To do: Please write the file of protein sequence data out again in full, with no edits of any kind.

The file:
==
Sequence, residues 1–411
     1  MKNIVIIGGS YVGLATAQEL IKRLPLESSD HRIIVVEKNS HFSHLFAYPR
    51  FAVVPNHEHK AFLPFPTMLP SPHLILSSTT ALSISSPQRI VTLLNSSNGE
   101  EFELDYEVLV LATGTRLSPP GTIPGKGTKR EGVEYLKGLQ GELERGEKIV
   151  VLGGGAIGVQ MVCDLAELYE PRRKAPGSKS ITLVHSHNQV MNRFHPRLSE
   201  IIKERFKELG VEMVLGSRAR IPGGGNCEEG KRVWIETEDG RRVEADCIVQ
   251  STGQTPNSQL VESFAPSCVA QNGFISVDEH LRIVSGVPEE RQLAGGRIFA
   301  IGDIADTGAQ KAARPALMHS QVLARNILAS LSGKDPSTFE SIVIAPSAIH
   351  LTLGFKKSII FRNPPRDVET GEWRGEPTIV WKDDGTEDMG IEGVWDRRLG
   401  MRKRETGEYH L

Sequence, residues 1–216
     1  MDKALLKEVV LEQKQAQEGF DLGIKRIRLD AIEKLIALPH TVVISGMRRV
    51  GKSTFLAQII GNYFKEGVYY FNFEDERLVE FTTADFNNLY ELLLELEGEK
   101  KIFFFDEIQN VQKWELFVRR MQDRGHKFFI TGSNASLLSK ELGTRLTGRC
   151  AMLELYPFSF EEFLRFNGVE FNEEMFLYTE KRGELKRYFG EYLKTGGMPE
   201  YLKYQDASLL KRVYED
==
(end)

Sequence, residues 1–411
     1  MKNIVIIGGS YVGLATAQEL IKRLPLESSD HRIIVVEKNS HFSHLFAYPR
    51  FAVVPNHEHK AFLPFPTMLP SPHLILSSTT ALSISSPQRI VTLLNSSNGE
   101  EFELDYEVLV LATGTRLSPP GTIPGKGTKR EGVEYLKGLQ GELERGEKIV
   151  VLGGGAIGVQ MVCDLAELYE PRRKAPGSKS ITLVHSHNQV MNRFHPRLSE
   201  IIKERFKELG VEMVLGSRAR IPGGGNCEEG KRVWIETEDG RRVEADCIVQ
   251  STGQTPNSQL VESFAPSCVA QNGFISVDEH LRIVSGVPEE RQLAGGRIFA
   301  IGDIADTGAQ KAARPALMHS QVLARNILAS LSGKDPSTFE SIVIAPSAIH
   351  LTLGFKKSII FRNPPRDVET GEWRGEPTIV WKDDGTEDMG IEGVWDRRLG
   401  MRKRETGEYH L

Sequence, residues 1–216
     1  MDKALLKEVV LEQKQAQEGF DLGIKRIRLD AIEKLIALPH TVVISGMRRV
    51  GKSTFLAQII GNYFKEGVYY FNFEDERLVE FTTADFNNLY ELLLELEGEK
   101  KIFFFDEIQN VQKWELFVRR MQDRGHKFFI TGSNASLLSK ELGTRLTGRC
   151  AMLELYPFSF EEFLRFNGVE FNEEMFLYTE KRGELKRYFG EYLKTGGMPE
   201  YLKYQDASLL KRVYED